CREDIT: This story was first seen in Nursing in Practice
Nearly 85% of primary care patients have said they have ‘trust’ and ‘confidence’ in the last practice nurse they were seen by, according to new national data, Nursing in Practice reports.
However, the figure (84.5%) revealed in NHS England’s 2017 GP Patient Survey, is a decrease of 0.1 percentage points from 84.6% in 2016.
Other questions regarding the patients’ overall access to primary care show a decline in accessibility since 2016.
The results are based on surveys of 2.15 million patients taken between January and March 2017.
Over 808,000 patients completed and returned the questionnaires, which the results are based on.
The survey asked patients about the last time they saw or spoke to a nurse from their GP surgery, with the following results on how good that nurse was at each of the following:
- Giving you enough time – 79.5% good and 1.5% bad
- Listening to you – 78.6% good and 1.7% bad
- Explaining tests and treatments – 76.1% good and 1.5% bad
- Involving you in decisions about your care – 65.9% good and 1.9% bad
- Treating you with care and concern – 77.5% good and 1.9% bad
The survey report noted that the proportion of patients saying their nurse was good at involving them in decisions about their care has dropped since 2012 – from 68.2% to 65.9% – but remained stable since 2016 when it was 65.8%.
The survey also indicated a decline in overall access to primary care services as well as longer waits to see or speak with a clinician.
84.3% of patients said they were able to get an appointment to see or speak to someone the last time they tried, a decrease of 0.7 percentage points from 84.9% since 2016.
Of patients who were able to get an appointment, 92.1% said their appointment was convenient, a decrease of 0.3 percentage points from 92.5% since 2016.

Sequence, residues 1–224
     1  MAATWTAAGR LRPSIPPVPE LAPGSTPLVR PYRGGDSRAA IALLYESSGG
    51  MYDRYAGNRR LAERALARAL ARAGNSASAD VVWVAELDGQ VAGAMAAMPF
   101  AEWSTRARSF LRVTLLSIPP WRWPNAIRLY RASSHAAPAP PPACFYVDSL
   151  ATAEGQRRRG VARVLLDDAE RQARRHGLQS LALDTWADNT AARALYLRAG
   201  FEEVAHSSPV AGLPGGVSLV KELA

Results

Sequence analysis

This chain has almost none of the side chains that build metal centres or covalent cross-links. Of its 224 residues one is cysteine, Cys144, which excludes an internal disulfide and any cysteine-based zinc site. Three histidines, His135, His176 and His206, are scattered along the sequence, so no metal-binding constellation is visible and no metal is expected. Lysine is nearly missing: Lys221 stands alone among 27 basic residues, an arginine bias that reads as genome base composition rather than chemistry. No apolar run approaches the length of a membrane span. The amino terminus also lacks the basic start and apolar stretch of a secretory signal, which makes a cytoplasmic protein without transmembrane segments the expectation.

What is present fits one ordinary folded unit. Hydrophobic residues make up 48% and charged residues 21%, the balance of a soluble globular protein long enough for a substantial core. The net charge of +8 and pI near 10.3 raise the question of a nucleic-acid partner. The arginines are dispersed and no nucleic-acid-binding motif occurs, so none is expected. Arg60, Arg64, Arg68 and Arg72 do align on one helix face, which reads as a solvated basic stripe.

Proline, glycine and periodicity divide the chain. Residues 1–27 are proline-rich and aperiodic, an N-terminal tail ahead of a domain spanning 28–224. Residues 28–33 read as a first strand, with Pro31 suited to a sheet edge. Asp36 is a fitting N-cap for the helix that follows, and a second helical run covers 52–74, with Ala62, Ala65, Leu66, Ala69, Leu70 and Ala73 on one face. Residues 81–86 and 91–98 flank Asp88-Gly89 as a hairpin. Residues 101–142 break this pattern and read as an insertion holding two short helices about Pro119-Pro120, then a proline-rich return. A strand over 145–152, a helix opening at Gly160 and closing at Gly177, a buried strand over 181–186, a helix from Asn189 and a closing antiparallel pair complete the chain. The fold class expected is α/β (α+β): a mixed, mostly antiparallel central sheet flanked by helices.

In addition, 64.2% said they normally wait 15 minutes or less after their appointment time to be seen, a decrease of 0.7 percentage points from 64.9% since 2016.
57.7% of patients said “they don’t normally have to wait too long” to be seen, a decrease of 0.6 percentage points since 2016.
Professor Helen Stokes-Lampard, Chair of the Royal College of GPs, said: ‘It’s very concerning that more people are having to wait for longer to get appointments with their practice nurse.
‘It is particularly worrying that some patients are deciding not to seek medical advice at all if they are not able to get an appointment initially.
‘We need the pledges in NHS England’s GP Forward View – which includes an extra £2.4bn a year for general practice and 5,000 additional GPs – to be delivered as a matter of urgency so that our patients can see a GP when they need to and receive the quality care they deserve.’
Dr Richard Vautrey, acting chair of the British Medical Association’s GP committee, said: ‘Despite GPs and their practice teams working flat out to provide as good a service as they can and see as many patients as promptly as possible, these figures reflect the growing impact from the unsustainable pressures facing general practice.
‘It is unfair on patients across the country that their increasing needs are not being recognised by the government, which is failing to address increasing staff shortages and is providing insufficient funding, leaving too many patients waiting longer for the care they need,’ he added.